Caffeine Consumption Could Treat ADHD: Spanish Study
A team of experts at the Universitat Oberta de Catalunya (UOC) has studied the possibility of including caffeine in the therapeutic arsenal used to alleviate some of the symptoms of Attention Deficit Hyperactivity Disorder (ADHD), UOC reported to SciTechDaily.
Photo Insert: The study concludes that a prescribed consumption of caffeine can increase attention and retention capacity among adolescents and adults suffering from this psychiatric disorder.
A systematic review of pre-clinical studies carried out in animal models has concluded that regular caffeine consumption can increase attention and retention capacity in adolescents and adults diagnosed with ADHD, a psychiatric pathology for which diagnosis has increased exponentially over the last 20 years.
Current estimates suggest that this disorder affects between 2% and 5% of children in Spain, an average of one or two children per classroom, and up to 4% of the adult population.
A group of experts from the UOC is studying the possibility of using caffeine as part of the therapeutic arsenal to alleviate some of the symptoms of ADHD.
Led by Diego Redolar, a member of the UOC Faculty of Psychology and Educational Sciences who specializes in neuroscience at the Cognitive NeuroLab group of the UOC Faculty of Health Sciences, they studied the possibility of including caffeine in the therapeutic arsenal given the controversy surrounding the use of some medicines derived from methylphenidate.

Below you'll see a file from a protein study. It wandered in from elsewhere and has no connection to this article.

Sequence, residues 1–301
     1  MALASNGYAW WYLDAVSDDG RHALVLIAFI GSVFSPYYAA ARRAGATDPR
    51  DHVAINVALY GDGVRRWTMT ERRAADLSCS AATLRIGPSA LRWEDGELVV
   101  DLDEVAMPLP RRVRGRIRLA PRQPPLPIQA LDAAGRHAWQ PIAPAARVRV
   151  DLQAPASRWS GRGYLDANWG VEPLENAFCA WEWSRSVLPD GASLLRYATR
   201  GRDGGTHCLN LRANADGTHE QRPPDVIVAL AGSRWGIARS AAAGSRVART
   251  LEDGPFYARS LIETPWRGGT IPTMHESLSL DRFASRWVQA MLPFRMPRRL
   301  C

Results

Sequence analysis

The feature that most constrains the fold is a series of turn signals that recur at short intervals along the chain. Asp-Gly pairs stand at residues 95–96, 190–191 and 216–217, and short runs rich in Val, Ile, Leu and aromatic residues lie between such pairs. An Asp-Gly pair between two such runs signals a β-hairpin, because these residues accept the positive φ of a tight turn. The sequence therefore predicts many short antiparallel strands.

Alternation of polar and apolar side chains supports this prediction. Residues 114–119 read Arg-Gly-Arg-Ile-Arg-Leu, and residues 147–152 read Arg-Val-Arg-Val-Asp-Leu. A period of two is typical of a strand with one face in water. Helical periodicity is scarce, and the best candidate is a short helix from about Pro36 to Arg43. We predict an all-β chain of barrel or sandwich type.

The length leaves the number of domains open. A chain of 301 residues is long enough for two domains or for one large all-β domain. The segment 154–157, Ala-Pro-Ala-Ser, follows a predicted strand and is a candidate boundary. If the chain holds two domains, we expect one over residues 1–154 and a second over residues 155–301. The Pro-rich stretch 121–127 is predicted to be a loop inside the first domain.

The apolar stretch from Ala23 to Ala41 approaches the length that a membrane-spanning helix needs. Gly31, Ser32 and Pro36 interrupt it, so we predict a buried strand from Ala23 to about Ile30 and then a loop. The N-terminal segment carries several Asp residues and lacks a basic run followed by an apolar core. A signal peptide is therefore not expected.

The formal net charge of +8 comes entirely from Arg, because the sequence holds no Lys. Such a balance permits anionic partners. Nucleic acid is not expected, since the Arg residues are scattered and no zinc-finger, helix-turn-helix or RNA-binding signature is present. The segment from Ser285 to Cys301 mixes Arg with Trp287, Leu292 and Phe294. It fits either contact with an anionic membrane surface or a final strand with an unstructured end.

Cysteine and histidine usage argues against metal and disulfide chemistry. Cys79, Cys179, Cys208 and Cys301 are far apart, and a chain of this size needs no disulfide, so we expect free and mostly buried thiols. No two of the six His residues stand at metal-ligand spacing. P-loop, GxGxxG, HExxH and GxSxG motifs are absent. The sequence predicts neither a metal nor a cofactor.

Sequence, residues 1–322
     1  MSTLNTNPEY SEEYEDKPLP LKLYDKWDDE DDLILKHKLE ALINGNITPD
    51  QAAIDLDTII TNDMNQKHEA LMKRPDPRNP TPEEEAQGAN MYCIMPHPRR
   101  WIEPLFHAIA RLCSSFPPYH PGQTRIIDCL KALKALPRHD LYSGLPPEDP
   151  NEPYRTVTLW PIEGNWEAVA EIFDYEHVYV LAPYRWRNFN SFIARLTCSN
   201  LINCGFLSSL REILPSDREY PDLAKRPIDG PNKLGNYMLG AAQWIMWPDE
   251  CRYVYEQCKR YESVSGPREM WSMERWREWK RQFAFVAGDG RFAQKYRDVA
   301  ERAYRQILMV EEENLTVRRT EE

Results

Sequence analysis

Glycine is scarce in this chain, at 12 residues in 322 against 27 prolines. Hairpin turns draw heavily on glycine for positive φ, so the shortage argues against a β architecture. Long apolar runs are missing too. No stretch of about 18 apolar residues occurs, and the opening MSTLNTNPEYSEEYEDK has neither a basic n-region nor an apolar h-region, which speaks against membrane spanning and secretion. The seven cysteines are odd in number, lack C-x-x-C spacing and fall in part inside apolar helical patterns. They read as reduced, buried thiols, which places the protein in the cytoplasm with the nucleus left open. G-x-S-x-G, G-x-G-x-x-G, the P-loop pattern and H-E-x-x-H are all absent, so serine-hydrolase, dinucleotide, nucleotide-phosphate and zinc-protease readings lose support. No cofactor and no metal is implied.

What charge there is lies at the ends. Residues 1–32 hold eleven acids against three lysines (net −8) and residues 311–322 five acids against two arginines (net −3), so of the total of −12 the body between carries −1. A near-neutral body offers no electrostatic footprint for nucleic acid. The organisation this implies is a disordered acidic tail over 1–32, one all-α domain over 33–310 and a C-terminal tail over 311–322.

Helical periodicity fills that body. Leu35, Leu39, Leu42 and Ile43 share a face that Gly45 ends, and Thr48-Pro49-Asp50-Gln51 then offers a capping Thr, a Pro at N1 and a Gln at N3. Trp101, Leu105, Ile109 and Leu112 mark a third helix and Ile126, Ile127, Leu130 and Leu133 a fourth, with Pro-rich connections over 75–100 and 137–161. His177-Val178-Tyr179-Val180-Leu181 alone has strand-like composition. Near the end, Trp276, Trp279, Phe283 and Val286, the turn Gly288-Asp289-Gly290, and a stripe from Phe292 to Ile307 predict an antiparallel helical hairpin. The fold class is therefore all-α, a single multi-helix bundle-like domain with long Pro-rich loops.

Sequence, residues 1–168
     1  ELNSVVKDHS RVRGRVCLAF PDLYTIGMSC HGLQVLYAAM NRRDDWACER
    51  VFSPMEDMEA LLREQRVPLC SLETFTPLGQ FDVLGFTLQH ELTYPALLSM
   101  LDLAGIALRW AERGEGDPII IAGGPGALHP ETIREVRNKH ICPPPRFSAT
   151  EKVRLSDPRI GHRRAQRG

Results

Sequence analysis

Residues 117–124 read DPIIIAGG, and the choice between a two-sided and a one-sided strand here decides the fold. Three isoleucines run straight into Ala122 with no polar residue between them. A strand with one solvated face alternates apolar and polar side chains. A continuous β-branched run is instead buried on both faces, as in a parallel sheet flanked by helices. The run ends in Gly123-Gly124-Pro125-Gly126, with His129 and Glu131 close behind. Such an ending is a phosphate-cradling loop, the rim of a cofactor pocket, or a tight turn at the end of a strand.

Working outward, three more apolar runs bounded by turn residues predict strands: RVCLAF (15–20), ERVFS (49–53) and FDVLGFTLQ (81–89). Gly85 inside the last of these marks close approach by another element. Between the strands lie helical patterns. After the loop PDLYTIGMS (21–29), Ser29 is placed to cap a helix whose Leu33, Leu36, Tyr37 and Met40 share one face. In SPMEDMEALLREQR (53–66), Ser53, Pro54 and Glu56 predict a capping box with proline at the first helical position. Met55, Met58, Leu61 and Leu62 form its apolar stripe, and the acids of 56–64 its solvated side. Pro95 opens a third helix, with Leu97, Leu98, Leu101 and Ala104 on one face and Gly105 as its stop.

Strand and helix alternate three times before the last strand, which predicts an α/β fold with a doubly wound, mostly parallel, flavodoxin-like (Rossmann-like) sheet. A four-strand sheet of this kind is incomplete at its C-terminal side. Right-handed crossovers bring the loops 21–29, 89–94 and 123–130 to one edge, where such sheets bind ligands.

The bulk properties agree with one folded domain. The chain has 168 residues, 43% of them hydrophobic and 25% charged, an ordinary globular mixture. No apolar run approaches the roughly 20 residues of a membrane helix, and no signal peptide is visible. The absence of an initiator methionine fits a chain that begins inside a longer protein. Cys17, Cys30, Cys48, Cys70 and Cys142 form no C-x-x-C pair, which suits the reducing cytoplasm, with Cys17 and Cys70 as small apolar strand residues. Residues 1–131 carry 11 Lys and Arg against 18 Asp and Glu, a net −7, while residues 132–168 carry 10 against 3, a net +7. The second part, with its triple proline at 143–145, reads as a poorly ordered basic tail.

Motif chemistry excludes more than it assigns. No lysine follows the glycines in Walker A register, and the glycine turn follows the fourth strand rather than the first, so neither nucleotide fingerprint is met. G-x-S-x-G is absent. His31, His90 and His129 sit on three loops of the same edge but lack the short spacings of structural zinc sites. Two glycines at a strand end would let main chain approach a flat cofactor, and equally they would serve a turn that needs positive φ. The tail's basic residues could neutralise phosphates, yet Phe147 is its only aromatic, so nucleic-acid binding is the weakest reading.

According to the authors, this is the first systematic review that has been carried out, including at the cellular level, with results linking caffeine consumption in different animal models of ADHD with an increased attention span, improved concentration, learning benefits, and improvements in some types of memory.
The study, a systematic review of animal studies published in open access in the scientific journal Nutrients, concludes that a prescribed consumption of caffeine can increase attention and retention capacity among adolescents and adults suffering from this psychiatric disorder.
"The therapeutic arsenal for alleviating ADHD is limited, and there is a certain degree of controversy around the use of some types of medications and stimulants, especially during childhood and adolescence. That’s why it’s useful to study the efficacy of other substances, such as caffeine,” explained Javier Vázquez, one of the main authors of this paper who is also a researcher in the Cognitive NeuroLab group.